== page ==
Court name
Supreme Court of Zimbabwe
Case number
SC 132 of 1983
Crim. Appeal 334 of 1983

S v Sibanda (SC 132 of 1983, Crim. Appeal 334 of 1983) [1983] ZWSC 132 (24 November 1983);

Law report citations
Media neutral citation
[1983] ZWSC 132
Beck JA


Judgment No. S.C. 132/83 Crim. Appeal No. 334/83




Before: BECK JA, in Chambers, in terms of s 10(4)

(a) of the Supreme Court of Zimbabwe Act 1981.

The applicant applied for leave to prosecute an appeal in person. He was convicted on three counts of robbery. The evidence is overwhelming and there can be no doubt that he was correctly convicted.


The Regional Magistrate sentenced him to eight years' imprisonment with labour on each count, but ordered the sentence on one of the counts to run concurrently with the sentences on the remaining two, thus imposing on the applicant an effective sentence of 16 years.

At my request the Attorney-General has considered the matter of the sentence that was imposed, because it seemed to me that insufficient regard had been paid to the cumulative effect of the sentences. The Attorney-General has reported that he accepts that a lesser effective sentence should have been imposed.


Although the applicant did not obtain very much from the complainants, he used a firearm with which to threaten them, and the offences occurred in Matabeleland where armed robbery has been a particularly serious problem.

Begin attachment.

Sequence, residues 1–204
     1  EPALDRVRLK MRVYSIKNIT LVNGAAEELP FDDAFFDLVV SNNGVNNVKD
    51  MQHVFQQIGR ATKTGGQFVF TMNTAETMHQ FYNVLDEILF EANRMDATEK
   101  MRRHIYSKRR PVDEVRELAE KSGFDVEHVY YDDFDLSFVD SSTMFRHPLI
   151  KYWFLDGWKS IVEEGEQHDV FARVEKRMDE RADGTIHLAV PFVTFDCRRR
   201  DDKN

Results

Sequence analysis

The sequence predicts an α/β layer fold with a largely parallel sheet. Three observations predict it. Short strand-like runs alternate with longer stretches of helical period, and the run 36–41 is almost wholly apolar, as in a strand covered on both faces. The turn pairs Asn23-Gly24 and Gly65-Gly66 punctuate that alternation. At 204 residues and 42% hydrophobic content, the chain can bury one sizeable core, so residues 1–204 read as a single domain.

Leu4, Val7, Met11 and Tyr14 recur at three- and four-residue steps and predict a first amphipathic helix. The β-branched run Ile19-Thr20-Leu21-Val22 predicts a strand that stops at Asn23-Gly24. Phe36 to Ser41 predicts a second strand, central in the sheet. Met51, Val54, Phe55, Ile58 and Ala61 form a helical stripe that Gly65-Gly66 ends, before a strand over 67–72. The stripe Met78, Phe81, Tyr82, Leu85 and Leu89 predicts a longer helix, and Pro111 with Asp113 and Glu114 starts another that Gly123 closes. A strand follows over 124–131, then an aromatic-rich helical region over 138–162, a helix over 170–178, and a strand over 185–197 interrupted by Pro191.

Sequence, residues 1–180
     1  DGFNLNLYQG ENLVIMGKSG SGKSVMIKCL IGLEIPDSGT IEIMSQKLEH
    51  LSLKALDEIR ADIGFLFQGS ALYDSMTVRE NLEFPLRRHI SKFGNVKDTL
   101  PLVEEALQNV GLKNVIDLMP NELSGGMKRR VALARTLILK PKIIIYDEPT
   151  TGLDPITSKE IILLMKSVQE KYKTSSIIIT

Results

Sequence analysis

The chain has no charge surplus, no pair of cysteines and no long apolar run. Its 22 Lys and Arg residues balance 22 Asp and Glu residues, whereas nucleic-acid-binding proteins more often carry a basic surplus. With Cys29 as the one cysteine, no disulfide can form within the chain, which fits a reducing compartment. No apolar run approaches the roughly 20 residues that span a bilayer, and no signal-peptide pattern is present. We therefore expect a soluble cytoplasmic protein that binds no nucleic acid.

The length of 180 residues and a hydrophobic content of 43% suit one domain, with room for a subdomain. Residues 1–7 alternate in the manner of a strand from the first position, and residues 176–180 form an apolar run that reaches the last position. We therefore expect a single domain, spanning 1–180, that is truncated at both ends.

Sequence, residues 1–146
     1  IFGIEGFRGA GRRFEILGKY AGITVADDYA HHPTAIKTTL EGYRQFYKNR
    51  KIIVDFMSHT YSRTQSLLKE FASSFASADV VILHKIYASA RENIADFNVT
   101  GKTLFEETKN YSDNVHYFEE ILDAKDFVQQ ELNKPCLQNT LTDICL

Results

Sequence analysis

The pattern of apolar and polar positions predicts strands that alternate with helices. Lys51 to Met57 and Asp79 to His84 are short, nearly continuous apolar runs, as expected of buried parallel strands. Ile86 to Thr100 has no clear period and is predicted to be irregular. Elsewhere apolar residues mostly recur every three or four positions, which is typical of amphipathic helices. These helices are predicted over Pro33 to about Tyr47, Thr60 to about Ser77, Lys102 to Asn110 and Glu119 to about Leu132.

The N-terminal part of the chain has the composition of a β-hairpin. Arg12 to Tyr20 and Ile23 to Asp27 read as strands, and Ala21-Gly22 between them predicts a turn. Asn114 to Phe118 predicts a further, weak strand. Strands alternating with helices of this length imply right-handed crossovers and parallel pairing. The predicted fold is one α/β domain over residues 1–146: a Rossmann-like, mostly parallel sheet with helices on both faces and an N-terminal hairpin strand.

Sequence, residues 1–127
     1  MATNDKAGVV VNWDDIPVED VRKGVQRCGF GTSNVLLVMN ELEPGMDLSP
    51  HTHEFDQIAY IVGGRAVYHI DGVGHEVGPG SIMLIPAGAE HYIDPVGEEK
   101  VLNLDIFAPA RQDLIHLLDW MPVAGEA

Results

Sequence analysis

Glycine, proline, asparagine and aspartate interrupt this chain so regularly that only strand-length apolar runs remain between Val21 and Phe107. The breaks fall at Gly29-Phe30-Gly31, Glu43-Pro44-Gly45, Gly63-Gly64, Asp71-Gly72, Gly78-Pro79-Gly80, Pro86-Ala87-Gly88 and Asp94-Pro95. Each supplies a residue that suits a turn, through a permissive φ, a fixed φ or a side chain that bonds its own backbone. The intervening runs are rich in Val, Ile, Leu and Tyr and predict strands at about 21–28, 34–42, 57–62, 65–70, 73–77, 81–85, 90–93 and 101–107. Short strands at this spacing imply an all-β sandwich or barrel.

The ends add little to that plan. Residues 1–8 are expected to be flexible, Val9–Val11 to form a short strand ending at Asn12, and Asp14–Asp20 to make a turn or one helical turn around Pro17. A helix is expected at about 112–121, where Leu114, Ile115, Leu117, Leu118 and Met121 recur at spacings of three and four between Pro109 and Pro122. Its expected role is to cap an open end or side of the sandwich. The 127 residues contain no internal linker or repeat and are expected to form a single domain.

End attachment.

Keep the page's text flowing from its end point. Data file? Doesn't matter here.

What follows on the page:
I have no criticism of a sentence of eight years in such a case, even where the amount taken was not great and no actual physical harm was inflicted. Moreover, the applicant has a recent previous conviction for assault, another for extortion which is seven years old, and a ten year old previous conviction for robbery. All these features call for a severe sentence, but it is my view that 16 years is clearly too severe a sentence for what the applicant did.

Since the Attorney-General agrees, I propose to deal with the matter in the exercise of my powers of review, in terms of s 10(4)(a) of the Supreme Court Act, 28 of 1981.

The application for a certificate is accordingly refused, but the sentences imposed on the applicant are reduced to six years’ imprisonment with labour on each count, and it is directed that the sentence in respect of the last count will run concurrently with those imposed in respect of the other two counts, thus making the effective sentence one of 12 years.

My brother GUBBAY agrees.